Priti Sandarbha 13.1-2: Shruti Praman for the Siddha-deha

Jai Radhe. So I spent most of the last two days studying portions of the two oldest Upanishads, the Chāndogya and Br̥hadāraṇyaka. These are the principal sources that go into the Vedānta, though some of the other Upaniṣads figure strongly. We have already seen the importance with which certain passages of the Taittirīya are for understanding the Vaishnava mindset.

Nitai once pointed out something very significant -- that Hindu theism grew out of different roots than the Jewish monotheism. Philosophically, from the very beginning it had to accept the fundamental idea of non-duality and had to explain itself on that basis. That is why you get all the Vaishnava acharyas writing different "modified" non-dualities. Only Madhva bucks the trend, but you have to remember that ALL the Vaishnavas insist on the duality of worshiper and worshiped, part and whole, lover and beloved.

So today is really kind of a lesson in how to interpret the non-dual texts in a dualistic fashion, without really denying non-duality. It is a bit like yes/and rather than no/but.

So I don't know if I will get through the whole thing in one go. The first part has two portions: one is a final quotation from Chāndogya to prove the point he has been making about the existence of a siddha-deha after liberation. The text he uses takes a little work to see it as Jiva Goswami does. But actually, in the larger context of the Chāndogya, it fits rather nicely. There is a second Chāndogya quote a little further down which is used to support sārṣṭi mukti, and you will get an idea from this and other Upaniṣadic quotes how to read them as a Vaishnava. In fact, the ambiguity that remains relevant to the issue -- the acintya part of acintya-bhedābheda -- is an important element in extracting rasa. Adbhuta is the essential element in rasa.

13.1 Shruti Praman for the Siddha-deha

tad etat tāṇḍināṁ śrutāv apy uktaṁ—"aśva iva romāṇi vidhūya… dhūtvā śarīram akṛtaṁ kṛtātmā brahma-lokam abhisambhavāni" [chā.u. 8.13.1] iti |

This [i.e., the attainment of a transcendental body] is also being referred to in the following Tāṇḍinī Śruti passage: "Just as a horse shakes its hair [to clear the dust from it], so will I will take birth in Brahmaloka, shaking off the material body and attaining a transcendental one." (CHU 8.13.1)

Jiva Goswami does not give the complete mantra from Chandogya. So this class will mostly be spent analysing it. We will divide mantra into two parts:

Part I, Shankara:

śyāmāc chabalaṁ prapadye, śabalāc chyāmaṁ prapadye |

(1) śyāmāc chabalaṁ prapadye ity-ādi-mantrāmnāyaḥ pavano japārthaś ca dhyānārtho vā |

• This mantra-text, which is purifying in itself, is recommended for meditation or recital. The meter is an inconsistent triṣṭubh. 12-11-11-10

(2) śyāmo gambhīro varṇaḥ, śyāma iva śyāmo hārdaṁ brahma, atyanta-duravagāhyatvāt |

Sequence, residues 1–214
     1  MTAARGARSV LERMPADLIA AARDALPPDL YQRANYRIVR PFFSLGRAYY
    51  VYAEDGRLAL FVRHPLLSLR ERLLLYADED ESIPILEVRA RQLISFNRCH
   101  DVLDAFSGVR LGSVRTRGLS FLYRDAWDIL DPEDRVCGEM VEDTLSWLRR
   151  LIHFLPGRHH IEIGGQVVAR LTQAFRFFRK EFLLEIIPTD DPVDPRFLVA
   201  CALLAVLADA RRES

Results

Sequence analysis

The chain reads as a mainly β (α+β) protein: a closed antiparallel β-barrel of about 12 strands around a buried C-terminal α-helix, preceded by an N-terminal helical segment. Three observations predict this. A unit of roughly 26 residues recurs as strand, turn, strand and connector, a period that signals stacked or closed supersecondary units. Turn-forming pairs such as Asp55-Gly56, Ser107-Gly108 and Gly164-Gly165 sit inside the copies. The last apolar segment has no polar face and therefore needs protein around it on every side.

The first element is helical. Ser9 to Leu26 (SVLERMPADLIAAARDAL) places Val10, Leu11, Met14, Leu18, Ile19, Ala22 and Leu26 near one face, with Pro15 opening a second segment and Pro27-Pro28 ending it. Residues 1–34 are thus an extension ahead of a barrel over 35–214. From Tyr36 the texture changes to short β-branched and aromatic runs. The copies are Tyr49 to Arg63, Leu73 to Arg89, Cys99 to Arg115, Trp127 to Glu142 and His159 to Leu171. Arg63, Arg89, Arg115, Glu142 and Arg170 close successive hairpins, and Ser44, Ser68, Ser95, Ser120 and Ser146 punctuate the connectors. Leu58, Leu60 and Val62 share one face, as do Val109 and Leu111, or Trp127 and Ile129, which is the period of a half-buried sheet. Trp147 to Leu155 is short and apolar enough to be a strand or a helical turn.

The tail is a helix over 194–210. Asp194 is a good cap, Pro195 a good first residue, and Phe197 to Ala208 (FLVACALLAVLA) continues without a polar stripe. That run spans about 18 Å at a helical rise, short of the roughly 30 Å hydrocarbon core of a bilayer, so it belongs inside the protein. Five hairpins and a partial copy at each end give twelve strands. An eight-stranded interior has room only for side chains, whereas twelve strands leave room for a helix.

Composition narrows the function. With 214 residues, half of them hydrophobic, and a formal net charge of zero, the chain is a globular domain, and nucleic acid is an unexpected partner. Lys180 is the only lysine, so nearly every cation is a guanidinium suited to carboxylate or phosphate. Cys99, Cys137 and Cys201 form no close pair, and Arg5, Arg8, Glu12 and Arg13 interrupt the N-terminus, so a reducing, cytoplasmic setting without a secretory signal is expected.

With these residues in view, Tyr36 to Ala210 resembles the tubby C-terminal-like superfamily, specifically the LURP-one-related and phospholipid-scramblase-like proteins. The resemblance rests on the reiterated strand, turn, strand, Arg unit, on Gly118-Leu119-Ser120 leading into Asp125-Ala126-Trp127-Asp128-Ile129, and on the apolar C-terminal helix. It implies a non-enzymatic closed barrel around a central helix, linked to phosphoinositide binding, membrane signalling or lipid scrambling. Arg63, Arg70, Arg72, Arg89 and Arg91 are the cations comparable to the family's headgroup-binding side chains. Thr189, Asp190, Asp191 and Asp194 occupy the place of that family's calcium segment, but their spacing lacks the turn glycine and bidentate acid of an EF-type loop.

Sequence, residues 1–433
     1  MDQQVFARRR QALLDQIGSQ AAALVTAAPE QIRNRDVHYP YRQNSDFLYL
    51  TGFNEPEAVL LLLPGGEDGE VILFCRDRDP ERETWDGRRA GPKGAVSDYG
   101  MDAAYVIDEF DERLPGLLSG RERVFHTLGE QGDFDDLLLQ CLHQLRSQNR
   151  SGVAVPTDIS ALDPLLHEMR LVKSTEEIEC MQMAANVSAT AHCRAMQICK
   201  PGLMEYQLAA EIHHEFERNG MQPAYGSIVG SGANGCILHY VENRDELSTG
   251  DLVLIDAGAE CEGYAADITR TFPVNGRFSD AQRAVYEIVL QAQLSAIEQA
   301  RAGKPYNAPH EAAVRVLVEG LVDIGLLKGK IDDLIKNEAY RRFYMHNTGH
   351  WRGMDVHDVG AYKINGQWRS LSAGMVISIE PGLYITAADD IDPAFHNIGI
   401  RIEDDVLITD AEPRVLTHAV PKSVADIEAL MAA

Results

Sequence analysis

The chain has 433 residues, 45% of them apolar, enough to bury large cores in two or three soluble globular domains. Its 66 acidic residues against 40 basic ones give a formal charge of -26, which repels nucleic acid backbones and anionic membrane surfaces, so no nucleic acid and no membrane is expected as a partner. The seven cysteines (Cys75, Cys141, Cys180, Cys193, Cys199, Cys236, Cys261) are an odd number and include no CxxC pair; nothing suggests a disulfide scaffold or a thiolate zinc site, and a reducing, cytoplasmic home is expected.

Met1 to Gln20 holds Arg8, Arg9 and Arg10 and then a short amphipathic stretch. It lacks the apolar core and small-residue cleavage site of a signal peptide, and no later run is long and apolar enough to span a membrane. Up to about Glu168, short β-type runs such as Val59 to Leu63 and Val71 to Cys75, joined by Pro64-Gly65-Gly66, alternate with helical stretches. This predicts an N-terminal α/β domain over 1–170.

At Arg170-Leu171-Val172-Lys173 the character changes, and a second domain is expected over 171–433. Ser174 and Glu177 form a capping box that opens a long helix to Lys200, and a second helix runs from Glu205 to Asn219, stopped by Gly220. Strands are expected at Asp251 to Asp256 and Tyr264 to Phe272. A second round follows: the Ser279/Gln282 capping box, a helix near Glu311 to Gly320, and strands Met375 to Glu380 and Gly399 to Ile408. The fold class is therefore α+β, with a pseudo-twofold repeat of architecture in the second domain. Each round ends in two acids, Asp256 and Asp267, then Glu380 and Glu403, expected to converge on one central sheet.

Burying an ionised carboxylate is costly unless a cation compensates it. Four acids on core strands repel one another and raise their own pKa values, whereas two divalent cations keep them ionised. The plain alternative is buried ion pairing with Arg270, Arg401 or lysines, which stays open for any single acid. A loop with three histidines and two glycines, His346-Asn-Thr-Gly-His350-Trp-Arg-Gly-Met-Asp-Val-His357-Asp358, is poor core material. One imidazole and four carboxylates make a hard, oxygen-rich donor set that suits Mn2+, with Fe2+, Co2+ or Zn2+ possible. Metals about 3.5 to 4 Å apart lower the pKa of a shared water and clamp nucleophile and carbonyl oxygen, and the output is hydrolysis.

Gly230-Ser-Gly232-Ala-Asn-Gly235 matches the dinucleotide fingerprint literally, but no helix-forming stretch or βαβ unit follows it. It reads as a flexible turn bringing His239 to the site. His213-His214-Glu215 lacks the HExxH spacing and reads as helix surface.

• śyāma = dark (no color)
  • śabala = variegated, brindled, dappled, spotted (all colors)

(3) tad dhārdaṁ brahma jñātvā, dhyānena tasmāc chyāmāc chabalaṁ, śabala iva śabalo'raṇyādy-aneka-kāma-miśratvāt, brahma-lokasya śābalyaṁ, taṁ brahma-lokaṁ śabalaṁ prapadye, manasā śarīra-pātād vordhvaṁ gaccheyam | yasmād ahaṁ śabalād brahma-lokān nāma-rūpa-vyākaraṇāya śyāmaṁ prapadye, hārda-bhāvaṁ prapanno'smīty abhiprāyaḥ | atas tam eva prakṛti-svarūpam ātmānaṁ śabalaṁ prapadya ity arthaḥ |

From the dark (śyāmāt) I attain (prapadye) to the variegated (śavalam), from the variegated (śavalāt) I attain the dark (śyāmam).

From the dark I take refuge in the diverse. From the diverse I take refuge in the dark.

Going from the pure truth in my heart, I attain the divine above. From the divine above, I come again to the pure truth in my own heart.

From the Divine Dark to the manifest, To the Divine Dark I pass again

Here, the dark stands for Brahman seated in the heart (hārdaṁ), because Brahman is extremely incomprehensible.

• The variegated is the Brahmaloka whose grey shades are due to the mixture of desires, like a forest.
By meditation I go to the variegated, to Brahmaloka. After death by the mind I shall go upward, whence I go from the variegated I go to the dark, for the purpose of subjecting the names and forms to deconstruction. The intent is that I enter the inner world of the heart. So the variety here means the self in the material form.

Vaishnava interpretations.

These appear to have originated with Srila Bhaktivinoda Thakur in his book Daśa-mūla-tattva (chapter 3). The subsequent English translations all appear to be renditions of his Bengali or expansions thereupon:

"In surrendering to Śyāma, Krishna, I take shelter of the essence of the pleasure potency. In taking shelter of the pleasure potency, I surrender to Krishna."